• cclitgirl profile imageAUTHOR

      Cynthia Calhoun 

      9 years ago from Western NC

      Tammy - haha, the Queen of Green. The term is catching on - I LOVE it! Hehe. gave me some ideas for future hubs. You did that on purpose, didn't you. Hehehe. Thanks so much for stopping by. I could reach out through the screen and HUG you. ;)

    • cclitgirl profile imageAUTHOR

      Cynthia Calhoun 

      9 years ago from Western NC

      Jeannie - with your style and artistic flair, I have no doubt that you have the coolest apartment, the most awesome sweaters and it has to be cozy-warm with all your wonderful friends and family stopping by. :) You are a gem! Thanks so much for stopping by on another of my hubs. Hubhugs!

    • Natashalh profile image


      9 years ago from Hawaii

      I unplug everything when not in use. Basically all appliances draw current, even when turned off. Simply put your TV, DVD player, etc on a power strip and turn it off when you leave the house or go to bed for the night. You will see the difference in your power bill!

    • tammyswallow profile image


      9 years ago from North Carolina

      Wow.. I couldn't live without air conditioning, especially in home in SC. It broke once for a week and it was 113 degrees inside. Talk about a crabby household, you sweat in a cold shower. These are great tips from hubpages Queen of Green. Excellent!

    • Jeannieinabottle profile image

      Jeannie Marie 

      9 years ago from Baltimore, MD

      Luckily, I live in a small apartment, so I don't have to worry too much about my electric bill in the summer. I don't get much sun, so it is great in the summer, but not so great in the winter. I basically wear a lot of clothes in the winter. :-)

      A very helpful hub and voted up!

    • cclitgirl profile imageAUTHOR

      Cynthia Calhoun 

      9 years ago from Western NC

      Thanks, rajan. I appreciate your feedback. :) I definitely care about being kind to the planet.

    • rajan jolly profile image

      Rajan Singh Jolly 

      9 years ago from From Mumbai, presently in Jalandhar, INDIA.

      Excellent hub. We all need to conserve energy, to save money in the first place and then to sustain our ecosystem.

      Thanks for sharing these tips.

      Voted up and useful.

    • cclitgirl profile imageAUTHOR

      Cynthia Calhoun 

      9 years ago from Western NC

      Thanks, tirelesstraveler. :) There are sooo many ways to save! I might have to write another article with more tips. :) Those HD flat screen TVs do indeed use a lot of electricity. Those, electric stoves, electric heating, and electric dryers are biiig energy hogs.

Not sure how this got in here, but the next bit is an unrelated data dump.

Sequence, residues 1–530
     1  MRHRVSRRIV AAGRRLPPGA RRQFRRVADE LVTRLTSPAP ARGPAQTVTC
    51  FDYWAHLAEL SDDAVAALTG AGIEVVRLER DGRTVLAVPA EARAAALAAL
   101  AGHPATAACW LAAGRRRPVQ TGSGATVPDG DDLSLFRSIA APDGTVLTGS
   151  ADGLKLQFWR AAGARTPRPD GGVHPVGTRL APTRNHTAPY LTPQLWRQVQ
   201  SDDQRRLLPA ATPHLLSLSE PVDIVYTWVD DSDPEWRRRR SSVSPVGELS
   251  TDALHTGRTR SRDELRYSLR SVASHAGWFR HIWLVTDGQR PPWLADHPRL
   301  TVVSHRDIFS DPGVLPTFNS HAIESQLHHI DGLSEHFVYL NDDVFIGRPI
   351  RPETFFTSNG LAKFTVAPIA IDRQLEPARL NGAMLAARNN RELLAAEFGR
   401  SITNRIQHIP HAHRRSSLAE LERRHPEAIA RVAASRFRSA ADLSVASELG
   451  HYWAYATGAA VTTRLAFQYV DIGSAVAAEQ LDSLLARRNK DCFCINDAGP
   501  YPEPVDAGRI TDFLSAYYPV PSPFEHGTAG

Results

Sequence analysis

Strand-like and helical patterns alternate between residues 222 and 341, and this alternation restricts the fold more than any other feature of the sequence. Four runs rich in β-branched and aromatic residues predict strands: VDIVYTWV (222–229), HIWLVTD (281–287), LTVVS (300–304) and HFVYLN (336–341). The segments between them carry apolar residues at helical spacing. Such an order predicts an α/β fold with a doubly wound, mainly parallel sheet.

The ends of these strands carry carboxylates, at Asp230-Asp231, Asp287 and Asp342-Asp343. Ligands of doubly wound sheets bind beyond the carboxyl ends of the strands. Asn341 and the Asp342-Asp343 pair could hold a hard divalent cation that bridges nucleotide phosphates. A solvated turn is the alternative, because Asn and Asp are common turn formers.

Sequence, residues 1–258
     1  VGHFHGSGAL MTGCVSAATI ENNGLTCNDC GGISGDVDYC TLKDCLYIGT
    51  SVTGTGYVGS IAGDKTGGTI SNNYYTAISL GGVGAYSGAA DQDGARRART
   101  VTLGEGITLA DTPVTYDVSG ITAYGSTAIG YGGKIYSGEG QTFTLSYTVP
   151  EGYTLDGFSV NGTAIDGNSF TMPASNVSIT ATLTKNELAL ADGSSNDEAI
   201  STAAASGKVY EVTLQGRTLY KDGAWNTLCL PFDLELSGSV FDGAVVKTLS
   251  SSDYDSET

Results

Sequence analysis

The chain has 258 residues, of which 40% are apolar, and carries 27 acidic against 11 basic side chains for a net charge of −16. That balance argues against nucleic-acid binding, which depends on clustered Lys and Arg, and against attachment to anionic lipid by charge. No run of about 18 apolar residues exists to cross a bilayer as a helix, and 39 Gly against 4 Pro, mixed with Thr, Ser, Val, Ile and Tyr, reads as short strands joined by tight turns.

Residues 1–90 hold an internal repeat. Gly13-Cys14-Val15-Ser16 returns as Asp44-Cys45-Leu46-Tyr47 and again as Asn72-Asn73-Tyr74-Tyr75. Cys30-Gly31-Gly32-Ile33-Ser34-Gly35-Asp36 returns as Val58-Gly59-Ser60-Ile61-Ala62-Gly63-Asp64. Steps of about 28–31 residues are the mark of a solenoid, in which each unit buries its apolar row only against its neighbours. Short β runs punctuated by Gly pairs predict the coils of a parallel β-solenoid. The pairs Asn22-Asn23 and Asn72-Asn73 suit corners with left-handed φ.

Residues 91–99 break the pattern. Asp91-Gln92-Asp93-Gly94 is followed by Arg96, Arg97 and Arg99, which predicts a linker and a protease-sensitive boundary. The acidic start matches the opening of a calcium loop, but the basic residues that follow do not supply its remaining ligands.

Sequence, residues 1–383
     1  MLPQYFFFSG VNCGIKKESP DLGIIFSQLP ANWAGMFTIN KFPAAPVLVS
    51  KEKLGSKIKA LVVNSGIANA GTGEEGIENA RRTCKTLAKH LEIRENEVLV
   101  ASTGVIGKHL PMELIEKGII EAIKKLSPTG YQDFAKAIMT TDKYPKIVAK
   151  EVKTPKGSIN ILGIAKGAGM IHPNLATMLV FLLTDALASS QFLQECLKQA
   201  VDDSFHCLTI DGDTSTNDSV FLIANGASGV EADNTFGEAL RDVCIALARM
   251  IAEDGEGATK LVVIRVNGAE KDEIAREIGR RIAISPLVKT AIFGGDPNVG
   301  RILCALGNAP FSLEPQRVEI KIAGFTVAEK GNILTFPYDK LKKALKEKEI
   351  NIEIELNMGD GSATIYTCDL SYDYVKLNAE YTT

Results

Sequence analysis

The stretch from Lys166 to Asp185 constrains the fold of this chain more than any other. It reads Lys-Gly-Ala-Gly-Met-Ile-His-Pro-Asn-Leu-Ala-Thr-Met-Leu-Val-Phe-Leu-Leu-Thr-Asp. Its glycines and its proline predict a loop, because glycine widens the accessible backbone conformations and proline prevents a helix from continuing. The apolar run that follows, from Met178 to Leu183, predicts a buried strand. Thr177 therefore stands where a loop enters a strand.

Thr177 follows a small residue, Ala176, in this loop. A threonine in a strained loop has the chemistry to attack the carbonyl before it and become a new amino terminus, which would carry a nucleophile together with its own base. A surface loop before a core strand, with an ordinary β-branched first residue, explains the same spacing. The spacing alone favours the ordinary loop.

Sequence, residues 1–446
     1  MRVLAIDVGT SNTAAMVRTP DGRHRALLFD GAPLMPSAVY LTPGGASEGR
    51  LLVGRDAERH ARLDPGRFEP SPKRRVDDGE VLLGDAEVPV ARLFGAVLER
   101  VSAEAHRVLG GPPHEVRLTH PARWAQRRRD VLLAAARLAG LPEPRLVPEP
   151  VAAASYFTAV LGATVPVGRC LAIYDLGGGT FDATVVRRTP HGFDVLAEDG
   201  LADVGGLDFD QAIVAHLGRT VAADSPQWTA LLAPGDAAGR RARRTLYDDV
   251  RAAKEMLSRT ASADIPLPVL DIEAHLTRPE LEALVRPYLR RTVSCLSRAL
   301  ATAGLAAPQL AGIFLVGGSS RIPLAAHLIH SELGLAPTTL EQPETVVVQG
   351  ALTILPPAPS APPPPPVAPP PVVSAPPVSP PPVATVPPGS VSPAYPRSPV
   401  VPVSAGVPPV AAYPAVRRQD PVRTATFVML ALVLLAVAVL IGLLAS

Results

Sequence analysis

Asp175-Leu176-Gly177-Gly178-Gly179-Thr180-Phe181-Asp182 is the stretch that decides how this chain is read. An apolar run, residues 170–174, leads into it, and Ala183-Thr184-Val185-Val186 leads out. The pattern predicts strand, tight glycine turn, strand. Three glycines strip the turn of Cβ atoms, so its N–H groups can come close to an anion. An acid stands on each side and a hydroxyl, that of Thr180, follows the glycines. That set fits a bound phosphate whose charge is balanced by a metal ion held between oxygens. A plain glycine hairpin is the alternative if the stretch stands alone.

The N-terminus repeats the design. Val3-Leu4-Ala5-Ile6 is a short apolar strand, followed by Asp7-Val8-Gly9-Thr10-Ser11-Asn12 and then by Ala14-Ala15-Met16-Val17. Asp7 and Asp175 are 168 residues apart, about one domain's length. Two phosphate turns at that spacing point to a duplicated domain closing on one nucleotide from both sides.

• tirelesstraveler profile image

      Judy Specht 

      9 years ago from California

      Agree with you on everything. I have a gas H2O heater so reducing showers has no effect on my electric bill. Updating computers made a huge difference in electricity. My son and a friend moved home with 2 47 inch TV's and the electricity went through the roof. I can't believe how much electricity TV's use. Hanging laundry is so therapeutic and you get vitamin D too. Voted up and very useful

    • cclitgirl profile imageAUTHOR

      Cynthia Calhoun 

      9 years ago from Western NC

      Thanks for the feedback, K9. And, when we switched, we didn't do it all at once. At the older bulbs burned out, we replaced them so it didn't make a big dent in the pocketbook. Thanks for the welcome. :) And I enjoyed reading some of your other articles - very informative!!

    • K9keystrokes profile image

      India Arnold 

      9 years ago from Northern, California

      I found the switch to cfl bulbs a pretty helpful way to save a few sheckles here and there. The extra cost to buy them is well worth the longevity and reduced energy usage they offer. Thanks for some good electric bill savings tips!

      Welcome to HubPages!



    • cclitgirl profile imageAUTHOR

      Cynthia Calhoun 

      9 years ago from Western NC

      There are SO many more ways to save!! I'll be posting more - I'm passionate about saving...almost to a fault. Hehehe...

    • mljdgulley354 profile image


      9 years ago

      Great tips and they really do work. Our neighbors were surprised at how low our electric bill is. They also complain that our house is so dark when we only have 1 light on and the tv

    • HeatLoss profile image


      9 years ago

      If you use electric heat to heat your home then make sure you minimize your areas for heat loss. This can save up to 31% on heating bills.

    • scsunshine profile image


      9 years ago from sc

      Great tips. I just switched my whole house to the cfl bulbs but now I plan on getting the water heater cover.I voted up.